Pimley, Keith (1975) Supernovae and the origin of cosmic rays. Masters thesis, Durham University.
This thesis contains a review of our present knowledge about the cosmic ray flux and about supernovae and their-remnants. It contains an attempt to examine the widely- held belief" that cosmic rays are produced principally in supernova remnants by work on essentially four topics' connected with the production of cosmic rays in supernova- remnants;-a) The likely surface density of supernova remnants in the Galaxy as a function of distance from the Galactic centre. It is shown that the general shape of the surface density curve consists of a large peak near the Galactic centre followed by a fairly, rapid fall to a low value at the edge of the Galaxy. The actual values of surface density are very dependent on the distances of the observed supernova remnants, which in turn depend on the adopted surface brightness - diameter relationship, b) The predicted slope of the electron spectrum between energies of 4x10(^8) and 10(^10) eV, assuming it results from the addition of the energy spectra of all the supernova remnants in the Galaxy. The observed electron energy spectrum in this range is at present too uncertain to be able to say whether or not it disagrees with that predicted. c) The time of production of cosmic rays in supernova remnants, if they are to traverse no more matter than that which is inferred from the ratio of abundances of the L to M groups in the cosmic rays. It is found that if the cosmic rays are produced inside the expanding remnant, then the matter traversal constraint means that they must be produced 2 years or so after the explosion. d) The expected distribution of gamma rays in the Galaxy from supernova remnants of diameters less than 50 parsecs. It is shown that in all probability the gamma ray results give direct evidence of the presence of cosmic rays in supernova remnants but that supernova remnants alone cannot be responsible for the whole of the gamma ray flux, at least on present gamma ray production models.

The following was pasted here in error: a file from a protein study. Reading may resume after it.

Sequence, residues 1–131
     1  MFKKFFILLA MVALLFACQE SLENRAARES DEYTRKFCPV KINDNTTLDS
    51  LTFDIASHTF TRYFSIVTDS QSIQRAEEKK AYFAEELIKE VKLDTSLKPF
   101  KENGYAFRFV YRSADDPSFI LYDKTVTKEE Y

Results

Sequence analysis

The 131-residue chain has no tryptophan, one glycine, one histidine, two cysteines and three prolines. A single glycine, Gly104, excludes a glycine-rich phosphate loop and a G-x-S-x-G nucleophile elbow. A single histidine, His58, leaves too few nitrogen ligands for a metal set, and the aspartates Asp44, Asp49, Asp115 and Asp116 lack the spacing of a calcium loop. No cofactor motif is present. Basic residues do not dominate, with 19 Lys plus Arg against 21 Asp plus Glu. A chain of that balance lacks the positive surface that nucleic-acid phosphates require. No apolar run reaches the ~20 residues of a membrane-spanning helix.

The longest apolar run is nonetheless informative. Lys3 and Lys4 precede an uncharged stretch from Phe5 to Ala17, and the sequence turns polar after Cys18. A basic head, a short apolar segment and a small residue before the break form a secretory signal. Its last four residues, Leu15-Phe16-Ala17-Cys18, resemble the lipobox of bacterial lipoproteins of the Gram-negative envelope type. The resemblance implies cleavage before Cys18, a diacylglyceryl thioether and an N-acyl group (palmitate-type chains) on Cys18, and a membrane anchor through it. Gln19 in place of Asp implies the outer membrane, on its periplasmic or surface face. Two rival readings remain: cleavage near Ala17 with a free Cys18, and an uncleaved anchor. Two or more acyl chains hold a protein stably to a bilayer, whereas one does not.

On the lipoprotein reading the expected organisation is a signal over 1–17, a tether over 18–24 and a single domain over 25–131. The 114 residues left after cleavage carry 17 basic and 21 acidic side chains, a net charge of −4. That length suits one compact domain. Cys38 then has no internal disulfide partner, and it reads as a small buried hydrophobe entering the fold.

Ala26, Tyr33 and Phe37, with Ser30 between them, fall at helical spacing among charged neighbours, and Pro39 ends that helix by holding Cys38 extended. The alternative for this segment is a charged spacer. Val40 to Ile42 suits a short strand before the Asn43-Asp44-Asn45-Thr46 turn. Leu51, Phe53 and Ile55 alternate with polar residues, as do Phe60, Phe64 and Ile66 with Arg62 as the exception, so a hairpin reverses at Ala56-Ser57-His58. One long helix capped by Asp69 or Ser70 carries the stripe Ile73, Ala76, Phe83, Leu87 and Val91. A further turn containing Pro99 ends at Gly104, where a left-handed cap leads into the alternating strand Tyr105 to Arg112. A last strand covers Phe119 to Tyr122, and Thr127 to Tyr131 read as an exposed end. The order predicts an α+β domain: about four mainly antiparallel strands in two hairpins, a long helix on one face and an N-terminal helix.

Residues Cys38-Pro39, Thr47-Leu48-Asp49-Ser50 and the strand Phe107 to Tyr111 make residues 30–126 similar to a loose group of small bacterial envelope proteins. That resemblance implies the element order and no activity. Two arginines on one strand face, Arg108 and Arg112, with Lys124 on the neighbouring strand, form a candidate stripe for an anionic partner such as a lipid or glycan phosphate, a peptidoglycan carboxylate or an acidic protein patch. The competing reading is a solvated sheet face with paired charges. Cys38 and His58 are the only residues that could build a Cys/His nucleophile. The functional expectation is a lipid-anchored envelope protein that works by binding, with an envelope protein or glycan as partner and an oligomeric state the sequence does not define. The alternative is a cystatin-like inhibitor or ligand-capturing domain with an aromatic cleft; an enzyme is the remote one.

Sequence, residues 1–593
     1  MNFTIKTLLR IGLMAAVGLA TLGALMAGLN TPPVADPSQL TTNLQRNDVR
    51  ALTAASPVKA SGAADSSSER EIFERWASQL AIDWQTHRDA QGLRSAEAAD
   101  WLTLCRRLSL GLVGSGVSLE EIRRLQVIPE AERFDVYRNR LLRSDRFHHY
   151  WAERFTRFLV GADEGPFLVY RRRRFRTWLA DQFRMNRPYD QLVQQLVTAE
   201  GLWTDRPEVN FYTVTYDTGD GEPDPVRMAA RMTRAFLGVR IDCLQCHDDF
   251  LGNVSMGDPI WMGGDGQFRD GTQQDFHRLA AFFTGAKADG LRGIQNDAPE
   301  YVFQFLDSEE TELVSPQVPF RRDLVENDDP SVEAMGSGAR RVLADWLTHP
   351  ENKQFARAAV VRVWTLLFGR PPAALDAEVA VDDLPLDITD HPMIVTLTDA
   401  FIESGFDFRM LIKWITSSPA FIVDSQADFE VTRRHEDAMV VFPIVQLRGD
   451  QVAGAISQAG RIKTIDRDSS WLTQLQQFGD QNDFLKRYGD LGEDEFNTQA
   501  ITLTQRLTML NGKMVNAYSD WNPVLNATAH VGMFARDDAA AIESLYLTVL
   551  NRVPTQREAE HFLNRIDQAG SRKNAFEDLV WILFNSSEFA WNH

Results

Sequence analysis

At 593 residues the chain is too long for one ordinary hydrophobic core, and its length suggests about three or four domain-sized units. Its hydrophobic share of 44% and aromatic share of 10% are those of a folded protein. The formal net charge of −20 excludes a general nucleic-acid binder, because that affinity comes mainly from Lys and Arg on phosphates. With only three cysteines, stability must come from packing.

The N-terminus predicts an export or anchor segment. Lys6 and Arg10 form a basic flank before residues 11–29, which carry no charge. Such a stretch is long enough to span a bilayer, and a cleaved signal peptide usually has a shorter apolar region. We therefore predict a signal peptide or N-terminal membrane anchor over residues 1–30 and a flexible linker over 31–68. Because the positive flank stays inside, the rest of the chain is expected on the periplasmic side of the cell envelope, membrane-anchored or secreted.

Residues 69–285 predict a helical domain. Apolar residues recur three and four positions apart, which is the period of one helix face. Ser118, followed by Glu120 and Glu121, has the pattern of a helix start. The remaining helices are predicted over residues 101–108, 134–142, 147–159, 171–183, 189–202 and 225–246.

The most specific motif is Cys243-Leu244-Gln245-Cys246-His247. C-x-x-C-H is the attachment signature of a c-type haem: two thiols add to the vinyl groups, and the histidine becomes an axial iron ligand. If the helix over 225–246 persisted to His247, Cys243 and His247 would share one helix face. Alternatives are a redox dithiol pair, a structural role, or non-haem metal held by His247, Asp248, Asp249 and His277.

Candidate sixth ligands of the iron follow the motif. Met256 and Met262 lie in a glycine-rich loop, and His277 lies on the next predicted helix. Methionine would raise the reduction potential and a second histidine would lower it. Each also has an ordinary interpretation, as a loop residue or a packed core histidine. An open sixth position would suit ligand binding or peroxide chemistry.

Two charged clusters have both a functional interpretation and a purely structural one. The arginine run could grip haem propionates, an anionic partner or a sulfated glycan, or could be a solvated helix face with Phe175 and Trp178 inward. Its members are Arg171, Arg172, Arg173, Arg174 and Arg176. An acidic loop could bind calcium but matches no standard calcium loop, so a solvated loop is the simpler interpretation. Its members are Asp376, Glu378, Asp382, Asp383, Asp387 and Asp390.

|Item Type:||Thesis (Masters)|
|Award:||Master of Science|
|Copyright:||Copyright of this thesis is held by the author|
|Deposited On:||13 Nov 2013 16:09|